Getting About In New Zealand

Getting About In New Zealand
New Zealand's public transport network is reliable and clean, although full coverage across both islands isn't available as yet due to the spectacular topography's effect on the cost of installing rail lines. Domestic air travel, often linked to car rental, is the preferred option nowadays, with rural roads leading to remote destinations and settlements and fast road connections between major cities. The favourite option for those with time, however, is still the car.

Other options include bus travel, reasonably fast and economical, with InterCity Coachline connecting more than 600 cities and towns and the charmingly-named Naked Bus company offering daily services between cities. Roads here are often narrow and twisting with spectacular views, making a bus journey a good way to relax and enjoy. Three bus companies, West Coast Shuttle, Southern Link and Atomic Shuttles, exclusively serve South Island.

Intercity rail services run between Auckland and Wellington, but are limited, slow and, like the rest of New Zealand's rail routes, comparatively expensive. On South Island, the coastal service from Christchurch to Picton runs along the rugged northeastern shores and connects on a daily basis with the ferry from North Island at Picton.

The TransAlpine route is regarded as one of the world's most magnificent train journeys, running across the island from coast to coast through the breathtaking, unspoiled scenery of the Southern Alps. For new arrivals in New Zealand, this is s stunning and unforgettable orientation trip, as much of the mountainous scenery is inaccessible by road.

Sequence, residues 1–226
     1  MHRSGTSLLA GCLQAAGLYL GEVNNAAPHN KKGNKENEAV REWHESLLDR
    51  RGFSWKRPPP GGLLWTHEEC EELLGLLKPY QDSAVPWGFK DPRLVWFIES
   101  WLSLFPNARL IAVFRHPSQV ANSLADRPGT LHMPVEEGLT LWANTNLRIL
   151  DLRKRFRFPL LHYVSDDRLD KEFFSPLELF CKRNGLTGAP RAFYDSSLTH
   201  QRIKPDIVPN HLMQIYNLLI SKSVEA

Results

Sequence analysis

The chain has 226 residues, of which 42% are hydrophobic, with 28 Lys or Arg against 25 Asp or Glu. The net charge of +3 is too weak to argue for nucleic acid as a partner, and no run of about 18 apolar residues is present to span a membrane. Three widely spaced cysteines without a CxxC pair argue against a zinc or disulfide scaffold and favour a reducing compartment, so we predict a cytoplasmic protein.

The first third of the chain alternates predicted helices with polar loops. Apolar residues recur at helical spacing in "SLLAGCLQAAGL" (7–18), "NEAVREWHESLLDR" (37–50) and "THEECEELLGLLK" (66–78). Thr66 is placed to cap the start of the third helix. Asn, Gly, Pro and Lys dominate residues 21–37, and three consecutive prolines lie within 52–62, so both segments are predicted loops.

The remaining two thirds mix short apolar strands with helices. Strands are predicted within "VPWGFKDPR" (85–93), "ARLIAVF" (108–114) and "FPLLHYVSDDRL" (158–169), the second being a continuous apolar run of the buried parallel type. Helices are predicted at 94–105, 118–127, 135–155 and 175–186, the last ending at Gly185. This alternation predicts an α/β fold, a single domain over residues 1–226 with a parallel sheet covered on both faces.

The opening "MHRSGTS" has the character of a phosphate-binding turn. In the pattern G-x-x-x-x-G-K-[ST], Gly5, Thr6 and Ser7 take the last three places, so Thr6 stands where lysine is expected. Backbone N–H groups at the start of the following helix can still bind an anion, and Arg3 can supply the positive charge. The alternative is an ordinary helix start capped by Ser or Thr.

In the early days of settlement, boat travel was the only alternative to the horse and cart, or even just the horse, and it's still a popular option today as well as the most scenic way to travel between the two islands. Ferries run several times daily across the Cook Strait between Wellington on North Island and Picton, although sudden changes in the weather may cause delays. For commuters in Auckland and Wellington, cross-harbour ferries offer a refreshing journey to and from work.

Domestic flights have become much cheaper over the last decade, particularly on inter-island routes. Air New Zealand and Jetstar offer a choice between full service and low-cost, with Jetstar the favourite for budget-conscious, no-frills air travel. Air New Zealand gives the most routes, connecting most cites with populations of over 20,000 and carrier links to smaller destinations. Both airlines offer an e-ticketing system, with flights able to be booked online, by phone or via a travel agent.